Mirrorshades: The Cyberpunk Anthology [Bruce Sterling] on *FREE * shipping on qualifying offers. A collection of tales by the best new science. comes not only after Mirrorshades: The Cyberpunk Anthology (), the defining cyberpunk short story collection edited by Bruce Sterling. A collection of tales by the best new science fiction writers of the eighties, including Greg Bear, Pat Cadigan, William Gibson, Rudy Rucker, Lewis Shiner, Tom.

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It took me a little while to comb through this collection, but for what it was worth – I enjoyed the collective whole. Collaboration was evidently a key element of the close-knit community of Cyberpunk authors.

Preface to Mirrorshades

Red Star, Winter Orbit. Interzone, the most radical periodical in science fiction today, has already been mentioned; its editorial cadre deserves a second thanks. Writers are only allowed to be mirorshades within strictly policed generic parameters. Pat CadiganRock On: The cyberpunks as a group are steeped in the lore and tradition of the SF field. However, the conflict has ended, and he is back in society with this added functionality causing him problems.

Some find the results bizarre, even monstrous; for others this integration is a powerful source of hope. Slowly it is turning rebel pop culture inside out, until the artists at pop’s cutting edge are now, quite often, cutting-edge steling in the bargain. One was co-authored by William Gibson who is actually my favorite cyber-punk author.


,irrorshades May 07, Jose Brox sterlihg it liked it Recommends it for: Newer Post Older Post Home. The Cyberpunk Anthology is not a treasury of cyberpunk stories. Gothic type story where it deals with stone statues and flesh children, including a Stone Christ statue in the mix. Paperbackpages.


A very mixed bag. Mirrored sunglasses have been a Movement totem since the early days of ‘ The advances of the sciences are so deeply radical, so disturbing, upsetting, and revolutionary, that they can no longer be contained. I definitely liked the imagery and mood of it.

Unfortunately this accuracy is conveyed via some awfully clumsy info-dumping. If mirrorshadea are a big fan of 80’s SF it might be worth reading. But of all the labels pasted on and peeled throughout the early Mirrorhsades, one has stuck: With a special admiration for a writer whose integration of technology and literature stands unsurpassed: Certain central themes spring up repeatedly in mirrotshades.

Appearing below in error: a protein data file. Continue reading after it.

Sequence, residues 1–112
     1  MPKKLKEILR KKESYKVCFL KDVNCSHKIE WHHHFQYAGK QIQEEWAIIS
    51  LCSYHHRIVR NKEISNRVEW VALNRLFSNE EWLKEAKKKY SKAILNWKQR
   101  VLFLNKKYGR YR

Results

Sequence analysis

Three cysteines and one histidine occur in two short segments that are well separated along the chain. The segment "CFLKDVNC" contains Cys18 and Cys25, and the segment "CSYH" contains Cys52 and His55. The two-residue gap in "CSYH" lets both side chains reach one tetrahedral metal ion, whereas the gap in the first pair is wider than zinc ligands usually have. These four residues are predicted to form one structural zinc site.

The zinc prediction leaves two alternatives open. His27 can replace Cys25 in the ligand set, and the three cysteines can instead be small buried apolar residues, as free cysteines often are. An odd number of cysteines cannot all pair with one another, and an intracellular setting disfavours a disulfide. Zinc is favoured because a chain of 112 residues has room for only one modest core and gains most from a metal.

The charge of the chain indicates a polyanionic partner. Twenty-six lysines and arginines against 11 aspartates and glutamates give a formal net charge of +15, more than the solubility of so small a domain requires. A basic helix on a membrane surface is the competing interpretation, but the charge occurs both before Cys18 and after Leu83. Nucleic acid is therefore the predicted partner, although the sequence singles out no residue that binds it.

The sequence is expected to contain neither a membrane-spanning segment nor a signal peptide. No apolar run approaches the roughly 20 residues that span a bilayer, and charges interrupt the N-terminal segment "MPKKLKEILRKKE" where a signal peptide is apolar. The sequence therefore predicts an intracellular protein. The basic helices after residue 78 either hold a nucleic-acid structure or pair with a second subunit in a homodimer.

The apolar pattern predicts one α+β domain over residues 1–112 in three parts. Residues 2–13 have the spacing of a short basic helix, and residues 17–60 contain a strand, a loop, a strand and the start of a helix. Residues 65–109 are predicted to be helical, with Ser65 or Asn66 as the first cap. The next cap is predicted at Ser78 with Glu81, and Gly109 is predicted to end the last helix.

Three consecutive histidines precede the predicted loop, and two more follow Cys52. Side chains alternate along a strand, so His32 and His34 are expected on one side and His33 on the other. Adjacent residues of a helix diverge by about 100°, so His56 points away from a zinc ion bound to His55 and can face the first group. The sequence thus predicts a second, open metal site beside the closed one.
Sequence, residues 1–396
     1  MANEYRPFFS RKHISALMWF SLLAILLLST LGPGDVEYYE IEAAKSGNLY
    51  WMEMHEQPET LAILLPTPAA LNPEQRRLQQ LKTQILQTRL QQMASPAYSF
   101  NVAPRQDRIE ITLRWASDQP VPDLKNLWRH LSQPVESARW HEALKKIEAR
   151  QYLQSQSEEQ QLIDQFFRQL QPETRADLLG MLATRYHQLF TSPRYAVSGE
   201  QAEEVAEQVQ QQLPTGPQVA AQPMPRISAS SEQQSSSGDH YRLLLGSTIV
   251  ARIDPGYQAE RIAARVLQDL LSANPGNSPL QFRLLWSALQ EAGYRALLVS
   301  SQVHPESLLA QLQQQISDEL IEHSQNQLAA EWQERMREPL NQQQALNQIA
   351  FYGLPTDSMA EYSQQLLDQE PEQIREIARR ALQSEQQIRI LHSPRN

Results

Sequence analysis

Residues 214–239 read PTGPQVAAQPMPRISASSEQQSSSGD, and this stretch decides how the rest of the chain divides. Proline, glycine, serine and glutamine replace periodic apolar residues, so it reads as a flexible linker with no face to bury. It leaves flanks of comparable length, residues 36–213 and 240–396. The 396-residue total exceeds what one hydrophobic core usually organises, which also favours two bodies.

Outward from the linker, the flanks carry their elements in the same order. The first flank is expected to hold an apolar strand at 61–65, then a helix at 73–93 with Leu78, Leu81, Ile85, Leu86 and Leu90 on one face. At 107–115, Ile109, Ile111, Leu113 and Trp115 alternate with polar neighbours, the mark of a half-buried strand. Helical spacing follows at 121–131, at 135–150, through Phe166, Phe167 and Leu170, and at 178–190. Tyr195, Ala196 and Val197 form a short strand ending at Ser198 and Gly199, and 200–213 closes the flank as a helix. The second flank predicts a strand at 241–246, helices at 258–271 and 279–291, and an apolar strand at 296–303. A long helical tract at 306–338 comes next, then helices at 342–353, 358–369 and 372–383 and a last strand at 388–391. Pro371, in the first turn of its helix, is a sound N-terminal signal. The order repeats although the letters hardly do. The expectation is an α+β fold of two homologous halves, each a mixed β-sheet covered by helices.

But times have changed since the comfortable era of Hugo Gernsback, when Science was safely enshrined – and confined – in an ivory tower. With the digital world, social media and the online life, comes an entirely new kind of creeping, monolithic conformity.

Here an orbiting spaceship is a setting against which political agendas are played out, and features a a memorable ending with dreadlocked anti-capitalism protestors promoting a viewpoint similar to those challenging the status-quo today.

Sterling does cite Harlan Ellison as one of the influences of those writing in the sub-genre, and this is very Ellisonesque in its style and content. To me, none of these stories fit, and there are only twelve in the anthology to begin with. They are more interesting academically, as a glimpse into what else was going on in literary sci fi in the early 80’s.


Science fiction – at least according to its official dogma – has always been about the impact of technology.

James Patrick KellySolstice: A well-developed story, this is one of the longer in the collection and examines the effects of drugs on the individual, and as a result, society in a way Gibson never did. Thus this anthology’s title, a well-deserved homage to a Movement icon.

Like punk music, cyberpunk is in some sense a return to roots.

Mirrorshades: The Cyberpunk Anthology by Bruce Sterling

They are the symbol of the sunstaring visionary, the biker, the rocker, the policeman, and similar outlaws. Not outside us, but next to us. Stelring 16, Rose rated it really liked it Shelves: And, mirrorshadex such, they are constant points of reference for cyberpunk. Published July 1st by Ace first published Cyberpunk has risen from within the SF genre; it is not an invasion but a modern reform.

Lists with This Book. Technical culture has gotten out of hand.

I am not a big fan of short stories. Their precursors are legion. Some of the stories even feel like parodies before parodies: It has two of my favorite topics blended together: Throughout the Sixties and Seventies, the impact of SF’s last designated “movement,” the New Wave, brought a new concern for literary craftsmanship to Strrling.

John Shirley’s Eclipse describes Western Europe in turmoil. Love him or hate him, Bruce Sterling has perhaps two.